Reunion has long been known as one of the top software names for genealogy projects on Mac computers and Reunion 9 does not disappoint. Its user-friendly interface and substantial level of detail make it a great program for beginners and advanced genealogists alike. Reunion 9 earns our TopTenREVIEWS Silver Award in Mac genealogy software because it provides a comprehensive database for ancestral and familial information.
Reunion 9 leaves little to be desired in the way of features, displays and reports. This program won us over with its numerous options; users are able to make a customized family database. Individuals in the database can be linked to photos, videos sound files and .PDF or text documents. (The files are linked. If you move the file on your computer, the information will have to be re-linked to be used.)
Reunion is also capable of creating an individual or family timeline, highlighting user-specified events in the individual or family’s history. Timelines can help users spot inconsistencies in data, such as a child having a birth date before his mother’s birth date. They’re also convenient tools for sorting data. Reunion also allows for filtering of individuals in the database by sex, age or other user-specified criteria.
Another feature unique to Reunion is the ability to flag individuals in the database as important historical figures or even as “research complete,” providing the ultimate convenience when performing complicated historical research.
Reunion is also great with encountering situations that many modern families face, such as same-sex couples, documenting non-married couples who have children and specifying half- or step-siblings. Some of the lower-ranked genealogy programs struggle with these issues, but Reunion handles them with finesse.
Reunion was the only software we reviewed that includes a register report output format. A register report is named for the New England Historical and Genealogical Register. It is the preferred document for genealogy information and utilizes a narrative paragraph for each person and his or her spouse and descendants. It includes an alphanumerical coding system to reference individuals in the report.
The main benefit of moving genealogical information to your computer (as opposed to hard copy only) is having the ability to include photo, video and audio files in your family’s database. While Reunion lets you link individuals in the database to media files, the files are just that—linked. If the file on your computer is moved or deleted, you will have to re-link it to the individual before it can be used. Also, when you save your data to a GEDCOM file, the media files won’t be saved.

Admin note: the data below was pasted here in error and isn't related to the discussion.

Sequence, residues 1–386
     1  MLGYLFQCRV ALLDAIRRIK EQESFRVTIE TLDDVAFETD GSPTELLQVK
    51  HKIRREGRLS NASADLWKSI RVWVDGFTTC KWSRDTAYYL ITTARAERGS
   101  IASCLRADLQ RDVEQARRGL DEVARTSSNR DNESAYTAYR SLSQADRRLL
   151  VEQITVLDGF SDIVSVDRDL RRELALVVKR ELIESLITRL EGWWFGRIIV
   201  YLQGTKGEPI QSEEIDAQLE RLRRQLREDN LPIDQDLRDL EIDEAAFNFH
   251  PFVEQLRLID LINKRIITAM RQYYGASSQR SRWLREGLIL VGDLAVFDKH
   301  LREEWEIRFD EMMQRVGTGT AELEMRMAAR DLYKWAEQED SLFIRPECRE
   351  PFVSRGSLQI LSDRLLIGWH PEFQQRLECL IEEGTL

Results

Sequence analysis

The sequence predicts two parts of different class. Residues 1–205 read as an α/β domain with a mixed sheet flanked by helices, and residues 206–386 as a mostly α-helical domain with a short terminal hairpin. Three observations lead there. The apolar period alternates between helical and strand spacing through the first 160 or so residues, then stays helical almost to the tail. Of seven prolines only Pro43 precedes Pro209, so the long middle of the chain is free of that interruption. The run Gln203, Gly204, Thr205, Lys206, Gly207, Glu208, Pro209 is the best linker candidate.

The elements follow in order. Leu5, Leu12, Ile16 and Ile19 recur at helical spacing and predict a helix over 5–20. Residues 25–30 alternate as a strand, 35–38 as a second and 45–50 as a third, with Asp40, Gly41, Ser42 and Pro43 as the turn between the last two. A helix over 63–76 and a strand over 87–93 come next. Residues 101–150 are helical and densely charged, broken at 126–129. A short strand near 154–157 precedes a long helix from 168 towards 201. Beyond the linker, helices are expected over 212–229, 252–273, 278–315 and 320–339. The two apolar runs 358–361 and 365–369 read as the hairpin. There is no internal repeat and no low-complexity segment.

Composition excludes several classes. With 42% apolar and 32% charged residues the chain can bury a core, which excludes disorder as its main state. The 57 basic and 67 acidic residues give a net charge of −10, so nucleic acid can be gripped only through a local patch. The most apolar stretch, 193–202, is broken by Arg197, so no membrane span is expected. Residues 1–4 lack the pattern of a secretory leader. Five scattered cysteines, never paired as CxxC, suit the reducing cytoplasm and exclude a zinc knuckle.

Reunion nearly sweeps this category. It exports directly into nine of eleven categories; the only two it does not cover directly is CD/DVD and Mac applications such as iCal or Address Book. However, the manual for the software discusses how to save the file itself (with all the data in the database) onto a CD-ROM for file transfer. Additionally, Reunion can produce a mailing address list for all individuals in the database that have that information recorded.
Some of the screens themselves, like Events and Facts, can be customized further. Users decide whether or not to include any of 29 different types of events like birth, death, adoption, baptism, census, bar mitzvah, graduation or retirement, to name a few. Similarly, the Facts section can be edited to display any of 24 details, including education, married name, namesake, occupation, and even physical features like eye color, hair color and height.
Adding a new individual is a simple matter of double-clicking the blank spouse or parent placeholder to bring up the Edit Person box and typing in known information. Adding a child is a simple matter of clicking the + Children button, selecting a gender and editing information in the Edit Person box. To edit an existing person, the user can just double-click the name he wishes to edit.
Running a report or a visual representation of familial data is as easy as clicking Create in the file menu and selecting the display option you would like to view.
The support systems backing the Reunion software are incredible. The program comes with a built-in user manual (called Contents) as well as a tutorial to help new users get started. Reunion also has a Shortcuts manual for quick reference. The Help menu also includes options for checking for new software and contact information with an email address, Web site, user forum, telephone support and USPS mailing address. The Web site also includes “Top 10 Questions,” FAQs, video tutorials and examples of Web pages created by other Reunion 9 users.
Overall, we have to say that Reunion was the most flexible program we tried. On top of that, Reunion has an excellent help and tutorial guide, not to mention an amazing volume of customizable personal data for each individual in the database. While the price may be a deterrent for some, we have to say that it will be worth the extra cash for some users.
Suburb help and support options are likely unnecessary, but they’re there if you need them.
This was by far the most expensive product we reviewed.
We can recommend Reunion to anyone who is serious about the genealogical research.